Artists pay tribute to P.M. with newspapers masterpiece
On the 20th year of Tuilaepa Dr. Sa’ilele Malielegaoi as Samoa’s Prime Minister, a 25-year-old Fine Arts teacher, Opapo Arona from Faleula with assistance from some of his students, have created an artwork of him using newspapers.
The work is among the pieces displayed during the E.F.K.S. School of Fine Arts and Museum exhibition at the Malua Museum.
From all the colorful paintings and exquisite artworks, the artwork of Tuilaepa has to be one of the best ones, according to the Principal, Liufau Pelenato Ioane.
“We had a lot of people during the exhibit and they gave us positive comments,” Liufau said.
Opapo was a former student of Leulumoega College and has worked as an art teacher at Malua for three years. He was assisted by three of his students, Matagiese Peteru, Taeao Mafua and Avealalo Siitaga, in creating the artwork.
“This artwork was dedicated to the Samoa Observer,” Liufau said. “It was a group work effort presenting how the media told the Prime Minister’s story both the good and bad, and they named this piece Talking Walls.”
The project also instilled in the participants the importance of using recyclable materials.
Two bundles of Samoa Observer newspaper were used in making the wall art.
Liufau said it was the first for their artwork to be created using newspapers, and he has seen how the project has broadened a lot of students vision in making art.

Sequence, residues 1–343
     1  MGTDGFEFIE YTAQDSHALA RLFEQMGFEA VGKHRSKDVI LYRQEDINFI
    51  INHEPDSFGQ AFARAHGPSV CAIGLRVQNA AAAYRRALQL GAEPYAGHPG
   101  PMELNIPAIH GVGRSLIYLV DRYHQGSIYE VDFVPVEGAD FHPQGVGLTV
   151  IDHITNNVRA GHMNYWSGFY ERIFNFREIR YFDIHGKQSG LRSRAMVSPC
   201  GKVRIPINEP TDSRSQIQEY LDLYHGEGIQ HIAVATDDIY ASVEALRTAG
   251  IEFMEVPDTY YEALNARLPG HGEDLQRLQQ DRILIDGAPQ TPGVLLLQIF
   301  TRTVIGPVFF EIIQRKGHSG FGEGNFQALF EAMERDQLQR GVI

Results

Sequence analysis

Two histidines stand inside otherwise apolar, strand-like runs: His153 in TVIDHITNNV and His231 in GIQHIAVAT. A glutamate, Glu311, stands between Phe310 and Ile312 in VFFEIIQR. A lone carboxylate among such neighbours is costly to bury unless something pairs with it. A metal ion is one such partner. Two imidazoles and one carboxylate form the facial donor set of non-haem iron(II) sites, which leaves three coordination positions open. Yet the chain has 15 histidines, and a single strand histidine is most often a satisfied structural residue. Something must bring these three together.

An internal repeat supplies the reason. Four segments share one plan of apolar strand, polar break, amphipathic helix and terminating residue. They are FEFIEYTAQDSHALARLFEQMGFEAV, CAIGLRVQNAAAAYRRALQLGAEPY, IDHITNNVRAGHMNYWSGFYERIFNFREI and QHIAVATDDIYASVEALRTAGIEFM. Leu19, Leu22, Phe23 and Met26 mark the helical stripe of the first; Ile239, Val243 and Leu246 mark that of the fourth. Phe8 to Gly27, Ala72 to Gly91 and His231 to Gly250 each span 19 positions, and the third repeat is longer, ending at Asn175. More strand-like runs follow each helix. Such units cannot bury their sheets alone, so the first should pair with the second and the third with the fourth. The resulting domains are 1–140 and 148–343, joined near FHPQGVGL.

The reason they chose the Prime Minister to be the focus of their artwork, Opapo said, was: “Because he was the most featured person in the media. For whatever reason, the Prime Minister was always on TV and the newspaper.”
Twenty-one-year-old Matagiese from Fasitoo Uta said: “I really enjoyed working on the artwork of the Prime Minister because the technique was new to me. I have never done art aside from painting and carving, but working on this project has really helped me think more creatively.”
Avealalo said the project was challenging in terms of formatting the newspaper’s colour scheme to the wanted outcome. He said it took time but he was amazed with the outcome.
The college’s youngest student, Taeao Mafua, who transferred from Tafuna High School, said: “I moved here to pursue my passion as an artist because American Samoa does not have high school that offers art classes. I have learnt so much since I have arrived and everyone here work well together. There are so many talented artists in this school.”
The school will host their graduation at the Tanoa Tusitala Hotel on Wednesday, December 5, 2018 at 5pm.